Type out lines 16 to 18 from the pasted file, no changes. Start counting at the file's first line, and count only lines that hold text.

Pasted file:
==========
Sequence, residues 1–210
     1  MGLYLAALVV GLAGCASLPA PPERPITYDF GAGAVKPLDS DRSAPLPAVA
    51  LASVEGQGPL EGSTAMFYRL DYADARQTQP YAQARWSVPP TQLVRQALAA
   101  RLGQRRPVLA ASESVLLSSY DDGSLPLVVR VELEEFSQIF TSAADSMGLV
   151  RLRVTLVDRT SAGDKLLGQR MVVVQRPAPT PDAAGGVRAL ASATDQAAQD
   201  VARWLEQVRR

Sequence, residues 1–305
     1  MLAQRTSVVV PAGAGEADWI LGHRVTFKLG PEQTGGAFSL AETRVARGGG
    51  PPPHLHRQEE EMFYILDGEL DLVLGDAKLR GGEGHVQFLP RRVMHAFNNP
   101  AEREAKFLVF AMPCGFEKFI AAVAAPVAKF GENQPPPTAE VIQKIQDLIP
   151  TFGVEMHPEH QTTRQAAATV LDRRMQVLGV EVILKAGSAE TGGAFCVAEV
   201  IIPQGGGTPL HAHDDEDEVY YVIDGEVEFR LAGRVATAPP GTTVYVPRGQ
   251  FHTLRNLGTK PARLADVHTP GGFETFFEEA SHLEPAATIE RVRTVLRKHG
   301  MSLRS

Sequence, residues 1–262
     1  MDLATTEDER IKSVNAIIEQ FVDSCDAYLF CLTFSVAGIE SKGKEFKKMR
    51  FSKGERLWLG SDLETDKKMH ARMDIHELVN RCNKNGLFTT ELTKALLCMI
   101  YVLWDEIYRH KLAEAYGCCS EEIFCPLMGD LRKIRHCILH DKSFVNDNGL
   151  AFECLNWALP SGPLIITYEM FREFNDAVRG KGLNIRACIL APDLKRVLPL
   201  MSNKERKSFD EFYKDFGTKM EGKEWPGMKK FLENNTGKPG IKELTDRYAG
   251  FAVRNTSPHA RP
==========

     1  MDLATTEDER IKSVNAIIEQ FVDSCDAYLF CLTFSVAGIE SKGKEFKKMR
    51  FSKGERLWLG SDLETDKKMH ARMDIHELVN RCNKNGLFTT ELTKALLCMI
   101  YVLWDEIYRH KLAEAYGCCS EEIFCPLMGD LRKIRHCILH DKSFVNDNGL